Is this Navajo?

Discussion in 'Textiles, Needle Arts, Clothing' started by research, Feb 27, 2023.

  1. research

    research Member

    I've done a little research but still confused on how to tell 100% if something like this is truly Navajo or not.

    The ends seem a little suspicious. Not sure if they are tassels or an unraveling frame string.

    To me it looks like somebody cut a section out of a longer, skinner piece maybe to frame or something and the ends are coming unraveled.

    Measures 20 x 18.5"

    Learning and just curious what exactly this piece is.

    Thanks!

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    Last edited: Feb 27, 2023
    KikoBlueEyes likes this.
  2. 2manybooks

    2manybooks Well-Known Member

    Welcome, @research.

    It is unfortunate that your textile is damaged in areas that usually are helpful in identifying Navajo weaving - the corners and the top and bottom edges (the ends with the loose yarn ends). But one feature remains visible that argues against it being Navajo made. Along the selvage edges (the vertical edges) it looks like there are multiple warps used in the first three or four rows. (The warps are the yarns that were originally stretched on the loom as the foundation for the fabric; the "weft" is the yarn that is woven over and under the warp yarns.) This is a technique that is characteristic of Mexican and New Mexican Chimayo weavings, which are made on a floor loom. Navajo weaving is done on a vertical loom with a unique technique that does not use multiple warps along the edges (with occasional exceptions where you may find 2 warps used only in the last row at the edges). The Navajo technique also does not produce fringe on either end.

    The small designs included in your textile are also more characteristic of Mexican/Chimayo motifs.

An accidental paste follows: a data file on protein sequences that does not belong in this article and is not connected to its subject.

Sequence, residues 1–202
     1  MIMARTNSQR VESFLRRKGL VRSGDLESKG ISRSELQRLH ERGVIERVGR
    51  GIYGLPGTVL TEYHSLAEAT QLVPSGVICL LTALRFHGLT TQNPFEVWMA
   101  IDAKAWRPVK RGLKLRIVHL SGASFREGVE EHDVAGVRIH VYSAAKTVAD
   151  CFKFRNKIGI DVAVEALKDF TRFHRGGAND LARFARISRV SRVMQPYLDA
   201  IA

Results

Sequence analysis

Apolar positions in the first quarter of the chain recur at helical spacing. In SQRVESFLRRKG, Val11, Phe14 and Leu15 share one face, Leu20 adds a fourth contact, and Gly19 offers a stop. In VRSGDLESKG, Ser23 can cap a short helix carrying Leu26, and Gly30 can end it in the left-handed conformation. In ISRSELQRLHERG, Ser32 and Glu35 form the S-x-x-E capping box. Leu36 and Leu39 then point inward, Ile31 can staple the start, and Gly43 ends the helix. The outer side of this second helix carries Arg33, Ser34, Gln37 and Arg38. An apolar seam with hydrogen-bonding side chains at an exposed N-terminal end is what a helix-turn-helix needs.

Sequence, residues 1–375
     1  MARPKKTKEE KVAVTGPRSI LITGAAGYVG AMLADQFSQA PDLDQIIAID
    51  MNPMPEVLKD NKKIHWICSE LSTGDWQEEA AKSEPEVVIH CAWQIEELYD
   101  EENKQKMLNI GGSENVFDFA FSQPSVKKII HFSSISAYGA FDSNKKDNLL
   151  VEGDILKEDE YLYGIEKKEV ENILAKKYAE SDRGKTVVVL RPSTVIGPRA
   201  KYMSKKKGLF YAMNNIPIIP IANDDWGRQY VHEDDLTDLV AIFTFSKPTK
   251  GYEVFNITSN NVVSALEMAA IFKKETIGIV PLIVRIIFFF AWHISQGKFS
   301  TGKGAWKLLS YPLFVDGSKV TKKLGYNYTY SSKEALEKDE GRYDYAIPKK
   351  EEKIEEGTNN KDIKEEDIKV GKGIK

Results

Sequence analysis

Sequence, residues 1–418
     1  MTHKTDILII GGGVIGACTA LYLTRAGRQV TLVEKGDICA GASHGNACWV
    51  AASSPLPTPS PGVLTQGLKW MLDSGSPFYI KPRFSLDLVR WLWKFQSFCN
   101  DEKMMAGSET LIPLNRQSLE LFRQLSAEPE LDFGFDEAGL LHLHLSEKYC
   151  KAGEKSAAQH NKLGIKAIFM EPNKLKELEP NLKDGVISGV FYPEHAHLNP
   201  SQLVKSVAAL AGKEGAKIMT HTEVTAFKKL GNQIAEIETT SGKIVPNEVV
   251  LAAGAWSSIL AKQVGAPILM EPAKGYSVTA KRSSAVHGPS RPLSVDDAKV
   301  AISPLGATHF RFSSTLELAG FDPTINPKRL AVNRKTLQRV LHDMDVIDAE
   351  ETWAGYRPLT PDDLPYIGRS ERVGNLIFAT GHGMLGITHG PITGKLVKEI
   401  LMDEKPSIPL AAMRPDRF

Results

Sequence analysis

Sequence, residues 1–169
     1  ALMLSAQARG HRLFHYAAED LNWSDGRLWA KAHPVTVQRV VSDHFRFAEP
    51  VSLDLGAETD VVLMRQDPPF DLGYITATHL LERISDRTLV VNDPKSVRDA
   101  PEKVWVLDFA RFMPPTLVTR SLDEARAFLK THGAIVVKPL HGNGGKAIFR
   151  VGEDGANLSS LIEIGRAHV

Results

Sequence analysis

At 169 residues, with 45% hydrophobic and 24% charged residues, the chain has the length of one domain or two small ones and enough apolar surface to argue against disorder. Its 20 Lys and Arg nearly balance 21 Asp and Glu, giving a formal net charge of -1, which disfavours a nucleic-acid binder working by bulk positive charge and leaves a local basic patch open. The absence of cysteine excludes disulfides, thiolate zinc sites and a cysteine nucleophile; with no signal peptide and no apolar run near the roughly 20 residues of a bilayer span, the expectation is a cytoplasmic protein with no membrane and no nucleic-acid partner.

say_it_slowly, Boland and smallaxe like this.
  3. research

    research Member

    I appreciate the input! So in your opinion this would most likely be a Mexican copy?
     
  4. 2manybooks

    2manybooks Well-Known Member

    Not specifically a copy, but most likely Mexican/Chimayo made. It is curious that the damage selectively removed the more diagnostic features, but I won't speculate about that.

    I will tag another member here who is very knowledgeable about SW textiles. Be patient for her response, as it sometimes takes a few days for people to check in.

    @Taupou
     
    say_it_slowly likes this.
  5. say_it_slowly

    say_it_slowly The worst prison is a closed heart

  6. research

    research Member

    say_it_slowly likes this.
  7. komokwa

    komokwa The Truth is out there...!

    possible , is putting it lightly ..!

    nice call @say_it_slowly ........:happy:
     
    say_it_slowly likes this.
  8. Taupou

    Taupou Well-Known Member

    I agree, apparently once a Mexican pillow cover. Definitely not Navajo or Native American Indian, based on the way it was woven.

    And now, since it has obviously been cut and trimmed, pretty much "decorative" value only.

    And just an "aside," it's Mexican, not Chimayo. Chimayo weaving gets its name from the village of Chimayo, New Mexico, which is in the United States, a distinction very important to the weavers. They are proud of their Hispanic (from Spain) origin and history, and do not like their textiles to be confused with being either Navajo or Mexican. Many have a family history of weaving that goes back generations, and is officially recognized as part of the Spanish Colonial Art heritage of the U.S.

    (And I do wonder about the listing in the example saying the pillow cover was manufactured in India, as stated in Item Specifics...but will blame it on eBay's practice of "auto-filling" parts if that section, which sellers fail to check for!)
     
    Debora, komokwa, Bakersgma and 2 others like this.
  9. research

    research Member

    Thanks so much for the detailed response!
     
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